Exercise/Physical activity

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Exercise/Physical activity

Useful resource:

https://www.health.gov.au/health-topics/physical-activity-and-exercise/physical-activity-and-exercise-guidelines-for-all-australians/for-children-and-young-people-5-to-17-years

 

Children and adolescents

  • Children this age should be doing 60 minutes of energetic activities, including some vigorous activities like running, jumping, sports like basketball, netball, tennis, swimming
  • At least three times a week, children of this age, should also do exercises that help to strengthen muscle and bone, including core stability and strengthening
  • Children should be active, moving, several hours per day

Stuart please include a link to the musculoskeletal section in the community physio site.

Need to also work out where and what information (and at what age) we want to include urinary stress incontinence. Next phase of development add in extra exercise videos or resources

Also consider including some information here about drop off in activity levels during this phase and encouraging engaging with care team and other resources to support during this stage.

Exercise and airway clearance

Exercise might help to improve your airway clearance techniques (e.g. Autogenic drainage, PEP, Oscillatory PEP). Doing exercise before, during or after your usual airway clearance may help you to clear more mucus from your lungs.  When you do your exercise and airway clearance needs to work for you, so talk to your physiotherapist and together work out what is best for you. You may need to change your exercise and/or airway clearance regimen when you are unwell. It is recommended that you regularly discuss this with your physiotherapist.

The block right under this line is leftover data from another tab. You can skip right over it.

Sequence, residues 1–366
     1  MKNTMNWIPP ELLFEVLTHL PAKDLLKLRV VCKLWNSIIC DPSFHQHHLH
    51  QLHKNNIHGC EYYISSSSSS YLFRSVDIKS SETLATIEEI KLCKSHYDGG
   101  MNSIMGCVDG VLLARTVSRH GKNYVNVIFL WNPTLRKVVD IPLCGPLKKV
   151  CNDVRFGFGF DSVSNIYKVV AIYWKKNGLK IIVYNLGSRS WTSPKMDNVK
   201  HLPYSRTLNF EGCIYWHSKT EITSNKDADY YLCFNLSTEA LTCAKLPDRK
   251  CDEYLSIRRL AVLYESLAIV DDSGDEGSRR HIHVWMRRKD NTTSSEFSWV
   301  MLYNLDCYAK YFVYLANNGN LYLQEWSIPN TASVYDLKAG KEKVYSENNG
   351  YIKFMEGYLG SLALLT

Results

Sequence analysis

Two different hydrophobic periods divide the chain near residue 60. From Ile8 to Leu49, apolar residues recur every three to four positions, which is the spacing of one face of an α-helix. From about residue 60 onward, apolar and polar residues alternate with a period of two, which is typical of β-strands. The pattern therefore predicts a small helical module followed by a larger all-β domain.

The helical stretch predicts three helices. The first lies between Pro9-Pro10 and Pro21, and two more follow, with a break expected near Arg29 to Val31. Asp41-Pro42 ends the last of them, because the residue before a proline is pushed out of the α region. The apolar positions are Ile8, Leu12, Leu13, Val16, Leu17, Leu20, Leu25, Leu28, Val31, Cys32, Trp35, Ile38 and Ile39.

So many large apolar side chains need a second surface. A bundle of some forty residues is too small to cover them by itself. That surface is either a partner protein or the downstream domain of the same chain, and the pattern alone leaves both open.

Some people find that exercise is an excellent form of airway clearance. High intensity exercise (e.g. sprints, running, cycling) may be the best type of exercise to help move mucus from your lungs. The exercise does this by making more air flow in and out of your lungs, and possibly reduces the thickness of the mucus in your lungs. When you do exercise as a form of airway clearance you should perform the forced expiration technique (huffing and breathing control) during your exercise (e.g. every 3-5 minutes) to make sure you get the best effect for your lungs. Using exercise as your only form of airway clearance is not recommended for everyone, and you should discuss with your physiotherapist.

Add text here with advice to modify exercise if unwell and increase airway clearance. Modifying exercise intensity if infection.

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